2018 Model Cadillac

Complicating matters is a tax that hangs over employers like the Cadillac of Damocles. In an attempt to slow cost increases, the ACA contains a financing mechanism in the form of a 40% excise tax on high-cost (aka Cadillac) health plans. Scheduled to take effect in 2018, the tax would be assessed on the cost of coverage for plans that exceed $10,200 for individuals and $27,500 for family coverage, and the annual limits would increase each year.

Self-funded plans are in the crosshairs right along with fully insured plans. Peirick is certainly tracking Webcrafters’ costs because unless the company makes changes to its plan, it will be driving a Caddy in 2018.

What’s a self-funded company to do? One thing it can do is roll out a health plan option that features significant deductibles and pretty much forces individual employees to be cost-conscious health care consumers. Such a plan could be structured with minimum and maximum deductibles to reflect variances in ability to pay and differences in the demographic makeup of a workforce.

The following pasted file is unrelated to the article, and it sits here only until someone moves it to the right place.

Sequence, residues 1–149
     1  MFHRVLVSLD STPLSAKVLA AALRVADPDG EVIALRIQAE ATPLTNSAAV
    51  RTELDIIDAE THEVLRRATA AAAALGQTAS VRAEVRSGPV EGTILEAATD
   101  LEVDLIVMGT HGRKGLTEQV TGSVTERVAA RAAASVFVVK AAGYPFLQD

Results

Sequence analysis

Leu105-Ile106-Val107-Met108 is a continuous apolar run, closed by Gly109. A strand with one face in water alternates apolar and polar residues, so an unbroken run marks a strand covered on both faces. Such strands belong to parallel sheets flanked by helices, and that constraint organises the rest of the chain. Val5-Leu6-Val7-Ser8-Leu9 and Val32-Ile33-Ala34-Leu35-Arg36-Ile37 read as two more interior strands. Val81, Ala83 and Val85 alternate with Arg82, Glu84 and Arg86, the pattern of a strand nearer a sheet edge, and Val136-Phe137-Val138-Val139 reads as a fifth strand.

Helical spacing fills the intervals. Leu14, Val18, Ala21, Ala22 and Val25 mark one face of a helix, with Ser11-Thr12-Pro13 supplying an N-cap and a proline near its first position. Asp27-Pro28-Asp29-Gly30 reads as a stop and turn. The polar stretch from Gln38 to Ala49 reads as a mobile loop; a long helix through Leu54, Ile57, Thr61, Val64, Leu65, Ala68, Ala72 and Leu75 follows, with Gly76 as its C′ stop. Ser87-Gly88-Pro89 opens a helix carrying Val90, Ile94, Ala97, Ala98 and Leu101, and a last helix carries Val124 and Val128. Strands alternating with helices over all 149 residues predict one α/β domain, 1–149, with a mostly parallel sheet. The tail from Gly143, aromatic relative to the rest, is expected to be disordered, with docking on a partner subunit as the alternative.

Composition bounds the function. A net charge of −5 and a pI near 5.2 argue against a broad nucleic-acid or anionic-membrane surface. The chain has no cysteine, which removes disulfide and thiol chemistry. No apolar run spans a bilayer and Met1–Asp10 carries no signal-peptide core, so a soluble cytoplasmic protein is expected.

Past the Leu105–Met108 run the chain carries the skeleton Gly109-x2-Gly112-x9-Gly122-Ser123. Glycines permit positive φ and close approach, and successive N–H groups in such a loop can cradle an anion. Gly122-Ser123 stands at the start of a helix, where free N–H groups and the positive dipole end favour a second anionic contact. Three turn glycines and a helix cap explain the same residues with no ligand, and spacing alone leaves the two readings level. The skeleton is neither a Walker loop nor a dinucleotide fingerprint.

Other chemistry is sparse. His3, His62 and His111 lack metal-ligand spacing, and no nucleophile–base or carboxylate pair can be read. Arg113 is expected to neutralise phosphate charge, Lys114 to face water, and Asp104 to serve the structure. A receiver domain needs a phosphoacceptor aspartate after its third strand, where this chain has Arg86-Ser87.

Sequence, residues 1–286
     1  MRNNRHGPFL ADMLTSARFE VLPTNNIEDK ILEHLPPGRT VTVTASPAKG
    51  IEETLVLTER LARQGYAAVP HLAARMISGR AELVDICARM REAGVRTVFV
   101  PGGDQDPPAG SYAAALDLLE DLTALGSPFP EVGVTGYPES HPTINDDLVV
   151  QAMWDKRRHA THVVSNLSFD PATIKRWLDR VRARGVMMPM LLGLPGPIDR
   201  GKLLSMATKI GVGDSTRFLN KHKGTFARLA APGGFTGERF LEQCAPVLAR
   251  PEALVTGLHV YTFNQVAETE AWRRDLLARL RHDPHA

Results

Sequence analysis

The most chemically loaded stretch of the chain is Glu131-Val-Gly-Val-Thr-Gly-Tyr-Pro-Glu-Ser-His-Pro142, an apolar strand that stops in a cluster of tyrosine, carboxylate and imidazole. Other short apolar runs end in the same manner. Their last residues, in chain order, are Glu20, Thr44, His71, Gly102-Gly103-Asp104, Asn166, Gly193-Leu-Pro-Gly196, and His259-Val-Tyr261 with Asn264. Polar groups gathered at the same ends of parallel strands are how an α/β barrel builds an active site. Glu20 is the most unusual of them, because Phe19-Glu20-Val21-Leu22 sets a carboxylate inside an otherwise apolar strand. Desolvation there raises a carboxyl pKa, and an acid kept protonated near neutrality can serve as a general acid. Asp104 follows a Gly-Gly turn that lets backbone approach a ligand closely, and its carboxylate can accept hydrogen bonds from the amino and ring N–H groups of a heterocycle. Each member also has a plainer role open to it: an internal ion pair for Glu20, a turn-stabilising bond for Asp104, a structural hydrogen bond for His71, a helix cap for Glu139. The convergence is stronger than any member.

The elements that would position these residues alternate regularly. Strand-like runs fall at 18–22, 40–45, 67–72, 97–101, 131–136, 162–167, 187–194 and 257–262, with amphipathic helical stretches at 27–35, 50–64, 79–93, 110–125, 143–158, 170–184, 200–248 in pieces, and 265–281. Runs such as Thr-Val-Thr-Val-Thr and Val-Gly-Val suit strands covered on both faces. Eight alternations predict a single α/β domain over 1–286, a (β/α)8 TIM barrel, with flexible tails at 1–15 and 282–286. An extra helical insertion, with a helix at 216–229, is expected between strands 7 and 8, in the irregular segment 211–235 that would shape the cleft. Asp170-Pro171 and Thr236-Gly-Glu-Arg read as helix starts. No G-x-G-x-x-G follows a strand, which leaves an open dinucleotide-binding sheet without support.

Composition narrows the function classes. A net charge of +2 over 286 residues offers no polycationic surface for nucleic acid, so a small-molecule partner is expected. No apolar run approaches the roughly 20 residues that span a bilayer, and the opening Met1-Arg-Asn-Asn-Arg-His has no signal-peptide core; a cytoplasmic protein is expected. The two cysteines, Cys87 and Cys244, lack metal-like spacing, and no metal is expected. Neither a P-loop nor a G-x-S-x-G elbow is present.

“For young people, it’s really a good option,” says Peirick, whose company has established an optional plan with a minimum deductible. “Employers provide a little money to reach that deductible, but [employees] are building money up for later on.”

No Room for Zero Tolerance

Peirick is somewhat envious of companies with young populations because they can offer these types of plans, which are attractive because people are saving money and rolling it over, and the employer isn’t putting a lot of money in. “They are lucky in general just because they have a low-use population, and they can get low rates, but they can also put some plans out there that really help people be prepared for that terrible situation that could arise,” she remarked. “They financially have the wherewithal to handle it because they have been planning, and they become so much better consumers when they are spending their own money than when they have got no deductibles, just a copay.”